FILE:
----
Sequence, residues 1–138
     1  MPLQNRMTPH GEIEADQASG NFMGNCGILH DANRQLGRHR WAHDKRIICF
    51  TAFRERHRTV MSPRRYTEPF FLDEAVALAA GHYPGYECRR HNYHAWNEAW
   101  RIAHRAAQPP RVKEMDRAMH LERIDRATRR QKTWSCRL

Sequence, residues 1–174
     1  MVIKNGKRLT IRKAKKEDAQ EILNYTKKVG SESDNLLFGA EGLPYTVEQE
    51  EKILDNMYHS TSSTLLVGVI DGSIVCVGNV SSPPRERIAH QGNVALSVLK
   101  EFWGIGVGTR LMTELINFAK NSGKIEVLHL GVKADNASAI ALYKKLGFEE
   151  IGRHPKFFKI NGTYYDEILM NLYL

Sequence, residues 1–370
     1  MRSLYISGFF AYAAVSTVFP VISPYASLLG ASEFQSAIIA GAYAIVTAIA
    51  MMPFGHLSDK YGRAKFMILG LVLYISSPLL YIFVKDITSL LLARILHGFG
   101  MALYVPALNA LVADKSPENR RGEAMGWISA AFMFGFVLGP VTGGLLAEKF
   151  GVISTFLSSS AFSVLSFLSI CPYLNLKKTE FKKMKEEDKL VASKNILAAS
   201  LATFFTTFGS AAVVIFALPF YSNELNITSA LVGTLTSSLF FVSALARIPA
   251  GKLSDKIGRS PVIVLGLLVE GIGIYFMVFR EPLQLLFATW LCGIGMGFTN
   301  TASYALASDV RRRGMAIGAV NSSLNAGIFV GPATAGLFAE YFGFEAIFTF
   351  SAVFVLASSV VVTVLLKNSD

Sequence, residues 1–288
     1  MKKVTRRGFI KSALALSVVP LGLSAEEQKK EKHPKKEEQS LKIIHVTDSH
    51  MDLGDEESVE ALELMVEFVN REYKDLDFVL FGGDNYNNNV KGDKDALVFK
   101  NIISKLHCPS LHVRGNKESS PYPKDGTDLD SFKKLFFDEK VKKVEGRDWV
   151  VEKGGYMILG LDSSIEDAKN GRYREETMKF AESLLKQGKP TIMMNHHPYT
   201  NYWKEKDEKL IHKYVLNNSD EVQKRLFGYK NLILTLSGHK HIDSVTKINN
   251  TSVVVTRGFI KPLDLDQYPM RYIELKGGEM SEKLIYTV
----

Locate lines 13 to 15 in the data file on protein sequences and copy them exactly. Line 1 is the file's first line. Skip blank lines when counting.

   101  MALYVPALNA LVADKSPENR RGEAMGWISA AFMFGFVLGP VTGGLLAEKF
   151  GVISTFLSSS AFSVLSFLSI CPYLNLKKTE FKKMKEEDKL VASKNILAAS
   201  LATFFTTFGS AAVVIFALPF YSNELNITSA LVGTLTSSLF FVSALARIPA